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Non-causal associations between exposures and outcomes are a threat to validity of causal inference in observational studies. Many techniques have been developed for study design and analysis to identify and eliminate such errors. Such problems are not expected to compromise experimental studies, where careful standardization of conditions (for laboratory work) and randomization (for population studies) should, if applied properly, eliminate most such non-causal associations. We argue, however, that a routine precaution taken in the design of biological laboratory experiments—the use of “negative controls”—is designed to detect both suspected and unsuspected sources of spurious causal inference. In epidemiology, analogous negative controls help to identify and resolve confounding as well as other sources of error, including recall bias or analytic flaws. We distinguish two types of negative controls (exposure controls and outcome controls), describe examples of each type from the epidemiologic literature, and identify the conditions for the use of such negative controls to detect confounding. We conclude that negative controls should be more commonly employed in observational studies, and that additional work is needed to specify the conditions under which negative controls will be sensitive detectors of other sources of error in observational studies.
Epidemiologists seek to distinguish the causal effect of exposure A on outcome Y from associations due to other mechanisms (Figure 1). Non-causal associations may be classified into three categories (in addition to chance)1: mismeasurement (eg, recall bias), confounding, and biased selection of individuals into the analysis.
In experimental biology, the manipulation of experimental conditions prevents many of the noncausal associations that arise in observational studies. Nonetheless, experimental biologists routinely question whether they have correctly inferred causal relationships from the results of their experiments. Biologists employ “negative controls” as a means of ruling out possible noncausal interpretations of their results. We describe the use of negative controls in experiments, highlight some examples of their use in epidemiologic studies, and define the conditions under which negative controls can detect confounding in epidemiologic studies. Although the particular threats to causal inference are different in experimental and observational sciences, the use of negative controls is a valuable means of identifying noncausal associations and can complement other epidemiologic methods for improving causal inference.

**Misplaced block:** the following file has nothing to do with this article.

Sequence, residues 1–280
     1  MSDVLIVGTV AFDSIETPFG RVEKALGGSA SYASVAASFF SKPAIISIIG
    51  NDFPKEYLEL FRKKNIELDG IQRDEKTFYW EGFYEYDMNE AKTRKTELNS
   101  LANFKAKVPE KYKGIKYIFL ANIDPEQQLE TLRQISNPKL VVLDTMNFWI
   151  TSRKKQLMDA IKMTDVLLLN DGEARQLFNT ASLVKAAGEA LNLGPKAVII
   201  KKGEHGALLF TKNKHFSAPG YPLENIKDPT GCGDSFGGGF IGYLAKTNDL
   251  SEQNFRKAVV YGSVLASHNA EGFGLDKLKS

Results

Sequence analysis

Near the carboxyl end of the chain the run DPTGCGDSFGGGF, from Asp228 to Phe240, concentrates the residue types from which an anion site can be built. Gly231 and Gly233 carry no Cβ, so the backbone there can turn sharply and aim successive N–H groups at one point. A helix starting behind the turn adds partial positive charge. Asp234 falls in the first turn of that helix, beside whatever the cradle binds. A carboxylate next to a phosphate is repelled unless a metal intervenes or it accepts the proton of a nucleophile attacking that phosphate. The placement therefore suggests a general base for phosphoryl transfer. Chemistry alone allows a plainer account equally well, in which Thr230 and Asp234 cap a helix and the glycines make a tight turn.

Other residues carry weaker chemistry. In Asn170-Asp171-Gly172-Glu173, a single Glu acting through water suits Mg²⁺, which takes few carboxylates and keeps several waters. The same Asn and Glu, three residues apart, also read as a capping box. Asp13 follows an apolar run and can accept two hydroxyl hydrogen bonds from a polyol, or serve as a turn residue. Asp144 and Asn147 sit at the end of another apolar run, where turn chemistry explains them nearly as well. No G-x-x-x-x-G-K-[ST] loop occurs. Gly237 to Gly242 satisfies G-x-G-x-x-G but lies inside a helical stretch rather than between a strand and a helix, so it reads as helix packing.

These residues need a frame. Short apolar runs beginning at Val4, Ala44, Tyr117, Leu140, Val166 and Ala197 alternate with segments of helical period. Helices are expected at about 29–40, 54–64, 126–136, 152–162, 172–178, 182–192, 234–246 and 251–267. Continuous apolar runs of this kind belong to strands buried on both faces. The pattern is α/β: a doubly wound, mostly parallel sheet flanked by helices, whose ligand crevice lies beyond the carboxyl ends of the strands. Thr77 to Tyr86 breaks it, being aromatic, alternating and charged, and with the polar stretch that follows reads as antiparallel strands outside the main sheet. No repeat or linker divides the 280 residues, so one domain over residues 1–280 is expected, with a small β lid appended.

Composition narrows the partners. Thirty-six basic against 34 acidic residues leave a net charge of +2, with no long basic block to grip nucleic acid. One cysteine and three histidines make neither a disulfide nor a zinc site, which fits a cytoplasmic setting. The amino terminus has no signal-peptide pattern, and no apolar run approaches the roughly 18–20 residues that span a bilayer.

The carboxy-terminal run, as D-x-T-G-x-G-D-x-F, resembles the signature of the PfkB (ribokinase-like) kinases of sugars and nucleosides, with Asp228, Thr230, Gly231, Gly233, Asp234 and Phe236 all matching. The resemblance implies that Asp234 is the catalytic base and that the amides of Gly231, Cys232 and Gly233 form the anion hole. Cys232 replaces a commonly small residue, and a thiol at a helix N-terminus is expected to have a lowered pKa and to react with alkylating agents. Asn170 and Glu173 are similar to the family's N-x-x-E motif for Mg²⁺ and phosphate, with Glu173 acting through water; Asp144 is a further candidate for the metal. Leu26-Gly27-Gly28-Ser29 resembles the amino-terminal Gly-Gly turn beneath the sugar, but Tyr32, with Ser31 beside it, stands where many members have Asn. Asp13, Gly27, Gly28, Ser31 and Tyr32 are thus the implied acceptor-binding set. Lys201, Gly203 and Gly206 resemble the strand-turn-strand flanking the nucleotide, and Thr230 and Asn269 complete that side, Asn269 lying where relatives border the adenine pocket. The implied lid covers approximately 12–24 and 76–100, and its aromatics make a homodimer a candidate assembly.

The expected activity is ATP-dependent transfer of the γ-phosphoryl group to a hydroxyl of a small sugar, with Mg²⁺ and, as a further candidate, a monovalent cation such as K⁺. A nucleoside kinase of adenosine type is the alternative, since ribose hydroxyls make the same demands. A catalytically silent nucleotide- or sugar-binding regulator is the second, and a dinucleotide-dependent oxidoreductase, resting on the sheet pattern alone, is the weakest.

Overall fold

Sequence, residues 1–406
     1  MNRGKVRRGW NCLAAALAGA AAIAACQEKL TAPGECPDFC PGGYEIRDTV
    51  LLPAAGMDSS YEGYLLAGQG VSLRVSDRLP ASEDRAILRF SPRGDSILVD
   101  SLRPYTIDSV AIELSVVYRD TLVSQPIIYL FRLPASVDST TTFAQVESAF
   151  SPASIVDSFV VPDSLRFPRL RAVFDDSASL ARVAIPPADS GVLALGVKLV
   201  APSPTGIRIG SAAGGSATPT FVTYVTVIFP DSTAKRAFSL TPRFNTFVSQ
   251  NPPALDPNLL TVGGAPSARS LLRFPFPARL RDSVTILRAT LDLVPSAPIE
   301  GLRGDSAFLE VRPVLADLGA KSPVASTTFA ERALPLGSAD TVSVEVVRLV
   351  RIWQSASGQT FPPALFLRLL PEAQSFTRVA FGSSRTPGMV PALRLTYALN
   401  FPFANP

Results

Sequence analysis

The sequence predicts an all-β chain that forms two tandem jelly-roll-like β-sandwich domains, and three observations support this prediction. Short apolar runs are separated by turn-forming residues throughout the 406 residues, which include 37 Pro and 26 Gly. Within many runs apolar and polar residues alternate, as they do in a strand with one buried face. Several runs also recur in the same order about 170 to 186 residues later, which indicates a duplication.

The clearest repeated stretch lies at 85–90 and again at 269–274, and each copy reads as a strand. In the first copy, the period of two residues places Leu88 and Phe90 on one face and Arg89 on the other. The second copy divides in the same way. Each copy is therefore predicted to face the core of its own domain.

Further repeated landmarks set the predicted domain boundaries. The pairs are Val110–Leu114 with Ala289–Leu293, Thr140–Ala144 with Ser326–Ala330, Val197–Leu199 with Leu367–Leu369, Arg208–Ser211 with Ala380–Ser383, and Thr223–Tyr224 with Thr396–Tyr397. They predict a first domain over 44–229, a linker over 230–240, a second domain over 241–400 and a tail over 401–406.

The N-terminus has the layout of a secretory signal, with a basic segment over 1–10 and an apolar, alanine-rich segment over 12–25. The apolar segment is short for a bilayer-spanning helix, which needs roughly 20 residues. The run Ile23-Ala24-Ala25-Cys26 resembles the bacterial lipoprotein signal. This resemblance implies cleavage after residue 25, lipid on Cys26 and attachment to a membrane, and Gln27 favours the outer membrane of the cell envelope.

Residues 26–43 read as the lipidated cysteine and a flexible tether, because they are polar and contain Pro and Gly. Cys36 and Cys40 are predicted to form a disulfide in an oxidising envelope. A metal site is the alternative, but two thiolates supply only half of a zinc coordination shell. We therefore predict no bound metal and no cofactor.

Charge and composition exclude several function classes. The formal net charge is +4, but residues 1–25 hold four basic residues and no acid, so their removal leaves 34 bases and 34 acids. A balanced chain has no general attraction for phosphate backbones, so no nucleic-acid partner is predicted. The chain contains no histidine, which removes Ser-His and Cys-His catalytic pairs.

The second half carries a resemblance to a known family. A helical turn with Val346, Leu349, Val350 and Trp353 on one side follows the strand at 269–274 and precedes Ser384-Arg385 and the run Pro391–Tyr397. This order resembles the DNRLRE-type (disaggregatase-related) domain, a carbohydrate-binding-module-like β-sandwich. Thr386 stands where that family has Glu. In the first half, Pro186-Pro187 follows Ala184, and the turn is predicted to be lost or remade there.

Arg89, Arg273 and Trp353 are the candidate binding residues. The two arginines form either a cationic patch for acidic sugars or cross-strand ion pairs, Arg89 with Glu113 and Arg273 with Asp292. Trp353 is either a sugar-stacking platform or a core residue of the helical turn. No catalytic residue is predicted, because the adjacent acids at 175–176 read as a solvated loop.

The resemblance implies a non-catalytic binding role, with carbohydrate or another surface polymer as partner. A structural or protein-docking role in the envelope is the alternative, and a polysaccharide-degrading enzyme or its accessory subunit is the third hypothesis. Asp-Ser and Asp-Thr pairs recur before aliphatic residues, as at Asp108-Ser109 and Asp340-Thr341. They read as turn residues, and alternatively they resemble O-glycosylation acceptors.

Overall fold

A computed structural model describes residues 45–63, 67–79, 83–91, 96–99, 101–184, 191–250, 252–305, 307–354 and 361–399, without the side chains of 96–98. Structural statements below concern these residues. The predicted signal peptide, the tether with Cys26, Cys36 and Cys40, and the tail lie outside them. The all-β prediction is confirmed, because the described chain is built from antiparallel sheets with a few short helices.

One might imagine that the experimental method would circumvent most threats to the validity of causal inference that occur in observational studies. For example, consider the hypothesis that a particular cytokine—a chemical involved in signaling in the immune system—enhances the killing of a species of bacteria by neutrophils, a class of white blood cells.2 An experiment is devised in which neutrophils, bacteria, and growth medium are mixed together. In condition 1, the cytokine is added, and in condition 2, some inert substance such as saline solution is added. After incubation, the bacteria are enumerated and the number of live bacteria compared between conditions 1 and 2.
If the investigator finds fewer live bacteria in condition 1 than in condition 2, the finding is consistent with the hypothesis that the cytokine enhanced neutrophil-mediated killing. Nonetheless, concern remains that something other than cytokine-aided, neutrophil-mediated killing may be responsible. For example, perhaps there is a contaminant in the cytokine preparation that directly kills bacteria, or perhaps the cytokine itself kills bacteria, or perhaps some other unintended difference between the treated and untreated conditions (e.g., temperature or pH) caused the differential survival of the bacteria.
Each of these unintended differences is broadly similar to a confounder – a characteristic associated with the exposure (presence or absence of the cytokine) and causes the outcome (differences in bacterial counts), thereby causing a spurious association between the presence of the cytokine and differences in bacterial counts.